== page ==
EMDR (Eye Movement Desensitization and Reprocessing) is a psychotherapy treatment developed by Dr. Francine Shapiro to help people heal from trauma. EMDR therapy integrates elements of many traditional psychological orientations and is based on the adaptive information processing model (AIP).
The AIP model hypothesizes that there is an inherent information processing system in the brain that gets blocked when traumatic events occur, causing these events to get locked in the brain with the original picture, sounds, thoughts, feelings and body sensations. Whenever a reminder of the traumatic event comes up, those pictures, thoughts, feelings, and sensations can continue to be triggered. According to Dr. Shapiro, many emotional problems and disorders are manifestations of these unprocessed trauma memories that are stored in the brain. EMDR therapy works on helping the brain reprocess these traumatic memories, and as a result alleviating the emotional and psychological disorders.
During treatment various procedures and protocols are used to address the entire clinical picture. One of the procedural elements is "dual stimulation" using either bilateral eye movements, tones or taps. During the reprocessing phases the client attends momentarily to past memories, present triggers, or anticipated future experiences while simultaneously focusing on a set of external stimulus. During that time, clients generally experience the emergence of insight, changes in memories, or new associations. The clinician assists the client to focus on appropriate material before initiation of each subsequent set.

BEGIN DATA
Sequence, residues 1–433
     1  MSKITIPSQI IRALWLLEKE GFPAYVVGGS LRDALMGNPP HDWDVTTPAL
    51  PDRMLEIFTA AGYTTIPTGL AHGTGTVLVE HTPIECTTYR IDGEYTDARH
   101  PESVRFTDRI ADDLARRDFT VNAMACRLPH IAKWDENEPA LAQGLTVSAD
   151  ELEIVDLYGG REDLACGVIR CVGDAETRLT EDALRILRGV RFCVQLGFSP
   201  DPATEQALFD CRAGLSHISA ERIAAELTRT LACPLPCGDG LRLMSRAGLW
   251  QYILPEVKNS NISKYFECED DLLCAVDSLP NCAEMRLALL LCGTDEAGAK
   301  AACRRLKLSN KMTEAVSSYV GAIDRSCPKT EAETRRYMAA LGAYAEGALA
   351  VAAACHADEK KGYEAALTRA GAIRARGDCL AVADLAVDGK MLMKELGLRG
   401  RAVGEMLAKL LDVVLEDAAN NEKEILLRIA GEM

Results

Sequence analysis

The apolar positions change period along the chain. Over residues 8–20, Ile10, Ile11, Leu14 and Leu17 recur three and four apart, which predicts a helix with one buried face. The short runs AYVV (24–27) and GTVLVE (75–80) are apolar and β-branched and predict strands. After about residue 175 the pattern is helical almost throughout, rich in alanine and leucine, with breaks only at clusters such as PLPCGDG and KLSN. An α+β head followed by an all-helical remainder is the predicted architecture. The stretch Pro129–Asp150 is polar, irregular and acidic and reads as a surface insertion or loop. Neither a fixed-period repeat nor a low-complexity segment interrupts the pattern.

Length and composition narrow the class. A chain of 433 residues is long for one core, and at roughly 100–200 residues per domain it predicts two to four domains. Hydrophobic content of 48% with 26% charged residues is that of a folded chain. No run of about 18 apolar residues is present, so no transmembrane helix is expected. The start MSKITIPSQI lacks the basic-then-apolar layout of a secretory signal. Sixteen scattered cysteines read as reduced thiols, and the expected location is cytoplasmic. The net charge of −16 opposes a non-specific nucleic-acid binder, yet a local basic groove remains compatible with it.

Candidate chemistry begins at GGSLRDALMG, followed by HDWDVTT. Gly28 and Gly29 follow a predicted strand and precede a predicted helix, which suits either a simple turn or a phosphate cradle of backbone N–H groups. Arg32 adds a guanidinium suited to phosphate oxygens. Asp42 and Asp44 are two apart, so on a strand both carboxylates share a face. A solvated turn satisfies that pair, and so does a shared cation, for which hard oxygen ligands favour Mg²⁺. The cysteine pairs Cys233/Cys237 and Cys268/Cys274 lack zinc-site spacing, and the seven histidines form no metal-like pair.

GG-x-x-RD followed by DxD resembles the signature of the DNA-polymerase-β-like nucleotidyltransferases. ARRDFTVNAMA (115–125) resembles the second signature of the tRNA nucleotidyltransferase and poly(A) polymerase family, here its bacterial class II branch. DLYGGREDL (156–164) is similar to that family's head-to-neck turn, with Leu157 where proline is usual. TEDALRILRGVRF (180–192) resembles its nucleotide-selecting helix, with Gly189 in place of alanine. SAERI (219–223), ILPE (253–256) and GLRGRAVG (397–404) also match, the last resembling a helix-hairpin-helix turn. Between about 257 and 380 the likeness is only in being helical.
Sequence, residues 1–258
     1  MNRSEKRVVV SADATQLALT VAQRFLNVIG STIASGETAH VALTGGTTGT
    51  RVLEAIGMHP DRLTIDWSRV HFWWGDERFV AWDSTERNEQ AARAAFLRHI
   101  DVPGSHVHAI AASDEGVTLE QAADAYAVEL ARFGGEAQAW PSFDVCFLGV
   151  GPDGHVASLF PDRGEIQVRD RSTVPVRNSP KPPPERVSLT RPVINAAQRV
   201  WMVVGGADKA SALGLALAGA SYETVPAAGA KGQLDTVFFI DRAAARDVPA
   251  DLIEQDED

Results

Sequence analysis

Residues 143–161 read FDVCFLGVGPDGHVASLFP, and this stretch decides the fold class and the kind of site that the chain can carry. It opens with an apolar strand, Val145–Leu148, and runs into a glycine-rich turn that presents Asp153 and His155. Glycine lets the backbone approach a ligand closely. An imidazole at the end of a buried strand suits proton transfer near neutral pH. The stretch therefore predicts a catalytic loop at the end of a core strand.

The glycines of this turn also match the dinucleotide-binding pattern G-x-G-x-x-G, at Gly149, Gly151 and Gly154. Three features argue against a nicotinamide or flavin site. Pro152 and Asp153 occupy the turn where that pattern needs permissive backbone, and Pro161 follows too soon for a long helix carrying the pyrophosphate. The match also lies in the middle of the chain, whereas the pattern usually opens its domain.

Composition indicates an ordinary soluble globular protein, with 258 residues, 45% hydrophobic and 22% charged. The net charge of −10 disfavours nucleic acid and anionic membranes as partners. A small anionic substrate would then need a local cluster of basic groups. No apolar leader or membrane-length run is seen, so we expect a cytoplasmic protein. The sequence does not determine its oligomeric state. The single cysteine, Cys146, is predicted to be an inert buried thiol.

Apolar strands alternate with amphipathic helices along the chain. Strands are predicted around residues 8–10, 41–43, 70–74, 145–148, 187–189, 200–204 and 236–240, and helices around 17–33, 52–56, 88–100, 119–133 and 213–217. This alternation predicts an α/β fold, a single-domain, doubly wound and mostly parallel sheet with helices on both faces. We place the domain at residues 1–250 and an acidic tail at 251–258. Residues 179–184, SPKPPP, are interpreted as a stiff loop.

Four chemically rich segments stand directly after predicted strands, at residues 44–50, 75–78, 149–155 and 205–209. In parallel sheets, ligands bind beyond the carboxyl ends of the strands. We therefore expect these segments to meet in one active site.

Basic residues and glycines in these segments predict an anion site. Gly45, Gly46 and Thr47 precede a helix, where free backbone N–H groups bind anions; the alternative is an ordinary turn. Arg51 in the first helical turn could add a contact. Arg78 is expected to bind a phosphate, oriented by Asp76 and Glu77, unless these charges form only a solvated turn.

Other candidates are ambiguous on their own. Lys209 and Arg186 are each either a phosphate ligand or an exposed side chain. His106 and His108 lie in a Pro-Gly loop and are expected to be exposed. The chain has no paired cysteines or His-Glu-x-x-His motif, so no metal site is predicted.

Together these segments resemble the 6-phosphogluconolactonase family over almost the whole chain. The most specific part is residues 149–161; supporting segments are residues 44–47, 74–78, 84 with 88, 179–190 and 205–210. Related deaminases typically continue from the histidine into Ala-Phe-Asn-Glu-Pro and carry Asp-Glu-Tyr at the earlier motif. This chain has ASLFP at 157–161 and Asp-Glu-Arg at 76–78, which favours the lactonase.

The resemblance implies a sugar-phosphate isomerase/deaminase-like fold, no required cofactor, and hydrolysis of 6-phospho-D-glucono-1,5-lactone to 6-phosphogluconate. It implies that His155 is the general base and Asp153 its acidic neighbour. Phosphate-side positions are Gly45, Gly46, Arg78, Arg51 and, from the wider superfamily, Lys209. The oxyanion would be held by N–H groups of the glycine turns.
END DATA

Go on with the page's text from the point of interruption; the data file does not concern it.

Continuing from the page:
The effectiveness of EMDR therapy is supported by several controlled studies; in fact EMDR therapy is the most researched psychotherapeutic treatment for PTSD (post-traumatic stress disorder). After EMDR processing, clients generally report that the emotional distress related to the memory has been eliminated, or greatly decreased, and that they have gained important cognitive insights. Importantly, these emotional and cognitive changes usually result in spontaneous behavioral and personal change, which are further enhanced with standard EMDR procedures.
EMDR Institute, Inc. 2011, Ana Gomez 2012